US: Equal marriage in Washington delayed, set to be decided by referendum
Equal marriage in the state of Washington, which was passed through the legislation earlier this year, has been delayed from becoming law, as opponents submit more than 200,000 signatures to force the measure through a referendum this November.
The anti-equality group Preserve Marriage Washington submitted almost 232,000 signatures for Referendum 74, which is nearly twice the number of required signatures to put the measure to a public vote, and exceeds the 150,000 recommended by the Legislature to ensure disqualifications due to duplicates or invalid signatures.
The legislation, which was passed in February, would have come to effect tomorrow, but now cannot be implemented until the end of the election, frustrating hundreds of couples seeking to tie the knot in the state.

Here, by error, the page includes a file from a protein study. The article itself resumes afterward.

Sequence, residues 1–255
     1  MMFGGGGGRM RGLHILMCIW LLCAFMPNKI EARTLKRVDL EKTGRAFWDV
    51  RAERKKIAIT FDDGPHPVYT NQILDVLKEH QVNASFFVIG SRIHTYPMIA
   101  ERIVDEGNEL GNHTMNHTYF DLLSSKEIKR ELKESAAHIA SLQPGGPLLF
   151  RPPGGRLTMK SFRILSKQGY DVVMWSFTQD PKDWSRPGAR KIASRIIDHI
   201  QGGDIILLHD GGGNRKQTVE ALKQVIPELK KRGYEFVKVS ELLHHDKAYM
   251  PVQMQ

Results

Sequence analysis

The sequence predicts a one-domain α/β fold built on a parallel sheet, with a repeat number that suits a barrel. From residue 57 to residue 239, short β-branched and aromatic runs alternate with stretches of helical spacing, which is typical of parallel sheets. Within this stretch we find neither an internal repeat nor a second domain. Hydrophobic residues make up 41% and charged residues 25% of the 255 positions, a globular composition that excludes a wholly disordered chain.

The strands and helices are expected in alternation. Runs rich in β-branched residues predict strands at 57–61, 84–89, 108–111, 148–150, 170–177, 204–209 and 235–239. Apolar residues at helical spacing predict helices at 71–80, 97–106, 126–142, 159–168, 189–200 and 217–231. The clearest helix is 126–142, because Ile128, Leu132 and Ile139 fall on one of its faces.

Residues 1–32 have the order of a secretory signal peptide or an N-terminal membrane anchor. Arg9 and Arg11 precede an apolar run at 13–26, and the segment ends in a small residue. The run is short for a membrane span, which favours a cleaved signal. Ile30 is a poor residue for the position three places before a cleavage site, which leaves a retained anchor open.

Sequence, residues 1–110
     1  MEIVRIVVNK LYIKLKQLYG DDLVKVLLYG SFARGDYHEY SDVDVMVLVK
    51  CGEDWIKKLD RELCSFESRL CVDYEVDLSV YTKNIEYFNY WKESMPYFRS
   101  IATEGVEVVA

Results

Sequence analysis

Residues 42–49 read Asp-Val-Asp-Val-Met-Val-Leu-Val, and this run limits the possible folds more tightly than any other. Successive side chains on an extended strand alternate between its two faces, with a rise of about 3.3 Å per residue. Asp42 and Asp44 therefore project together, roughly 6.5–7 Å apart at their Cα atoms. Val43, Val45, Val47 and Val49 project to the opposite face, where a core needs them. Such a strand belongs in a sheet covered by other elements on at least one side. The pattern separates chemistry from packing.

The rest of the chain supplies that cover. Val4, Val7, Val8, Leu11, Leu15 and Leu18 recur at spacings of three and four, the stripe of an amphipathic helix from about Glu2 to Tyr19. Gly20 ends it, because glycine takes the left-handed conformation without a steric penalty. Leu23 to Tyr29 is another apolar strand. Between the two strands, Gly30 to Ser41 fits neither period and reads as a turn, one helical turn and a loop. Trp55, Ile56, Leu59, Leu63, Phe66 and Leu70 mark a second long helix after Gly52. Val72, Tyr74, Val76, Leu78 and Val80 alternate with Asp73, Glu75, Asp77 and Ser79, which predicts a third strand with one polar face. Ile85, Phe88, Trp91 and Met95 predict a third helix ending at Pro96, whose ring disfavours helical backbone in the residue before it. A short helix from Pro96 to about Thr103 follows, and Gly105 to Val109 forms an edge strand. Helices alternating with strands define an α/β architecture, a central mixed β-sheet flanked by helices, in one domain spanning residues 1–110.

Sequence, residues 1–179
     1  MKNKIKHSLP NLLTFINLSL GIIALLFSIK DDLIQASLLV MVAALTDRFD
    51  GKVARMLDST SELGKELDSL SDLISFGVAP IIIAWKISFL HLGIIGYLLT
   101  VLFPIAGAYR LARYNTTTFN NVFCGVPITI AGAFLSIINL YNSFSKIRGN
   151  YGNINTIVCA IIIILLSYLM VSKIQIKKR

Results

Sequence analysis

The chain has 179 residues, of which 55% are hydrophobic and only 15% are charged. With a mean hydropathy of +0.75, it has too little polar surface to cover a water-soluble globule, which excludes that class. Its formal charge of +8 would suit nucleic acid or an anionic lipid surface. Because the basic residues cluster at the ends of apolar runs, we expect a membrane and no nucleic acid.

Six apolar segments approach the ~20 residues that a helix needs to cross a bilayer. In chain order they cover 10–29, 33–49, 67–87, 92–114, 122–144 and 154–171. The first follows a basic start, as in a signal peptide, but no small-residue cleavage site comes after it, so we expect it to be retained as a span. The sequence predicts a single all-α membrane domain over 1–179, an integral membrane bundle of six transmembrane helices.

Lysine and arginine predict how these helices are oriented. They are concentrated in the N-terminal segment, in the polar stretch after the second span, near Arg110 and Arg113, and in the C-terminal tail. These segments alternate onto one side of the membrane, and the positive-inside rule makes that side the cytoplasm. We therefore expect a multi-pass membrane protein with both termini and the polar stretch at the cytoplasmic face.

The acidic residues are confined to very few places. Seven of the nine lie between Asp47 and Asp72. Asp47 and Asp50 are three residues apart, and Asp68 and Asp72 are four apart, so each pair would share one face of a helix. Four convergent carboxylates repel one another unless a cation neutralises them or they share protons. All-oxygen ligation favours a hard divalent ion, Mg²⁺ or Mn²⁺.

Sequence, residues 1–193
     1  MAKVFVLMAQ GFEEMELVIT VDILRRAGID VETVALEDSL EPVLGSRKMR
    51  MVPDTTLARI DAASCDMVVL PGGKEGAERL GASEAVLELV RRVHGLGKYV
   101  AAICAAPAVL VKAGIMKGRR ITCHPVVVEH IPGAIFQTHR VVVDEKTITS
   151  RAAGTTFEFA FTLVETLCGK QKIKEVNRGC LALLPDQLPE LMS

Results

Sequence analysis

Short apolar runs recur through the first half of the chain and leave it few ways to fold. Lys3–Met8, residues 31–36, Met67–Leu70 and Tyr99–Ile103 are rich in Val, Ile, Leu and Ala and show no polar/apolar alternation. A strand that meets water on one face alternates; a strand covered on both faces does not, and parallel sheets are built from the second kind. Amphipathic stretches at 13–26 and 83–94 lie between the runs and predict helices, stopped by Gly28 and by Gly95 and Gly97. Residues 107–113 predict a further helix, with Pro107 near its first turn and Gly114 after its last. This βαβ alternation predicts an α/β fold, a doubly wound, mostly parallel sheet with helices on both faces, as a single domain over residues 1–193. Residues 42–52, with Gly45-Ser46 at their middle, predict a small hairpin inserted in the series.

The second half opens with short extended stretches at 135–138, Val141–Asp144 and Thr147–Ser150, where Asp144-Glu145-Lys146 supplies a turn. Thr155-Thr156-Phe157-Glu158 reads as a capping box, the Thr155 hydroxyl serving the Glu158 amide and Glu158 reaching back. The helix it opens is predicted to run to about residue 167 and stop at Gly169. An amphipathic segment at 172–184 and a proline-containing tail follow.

Unlike California’s Proposition 8, approval of Referendum 74 would allow gay couples to legally wed. While rejection would mean the law cannot take effect, legal observers note that there is nothing that prevents the liberal-leaning Legislature from bringing the issue up again in the next session.
Washington is one of the four states, along with Maryland, Maine and Minnesota, which will be voting on equal marriage this November, with the anti-gay National Organisation for Marriage orchestrating the opposition in all four states.
The west-coast state has had domestic partnership laws since 2007, and in 2009, passed a version of law that is akin to UK’s civil partnerships, which is marriage in all but name. This was ultimately upheld by voters in a referendum.
A recent poll by the consulting firm, Strategies 360, found that 54% of voters in the state support equal marriage.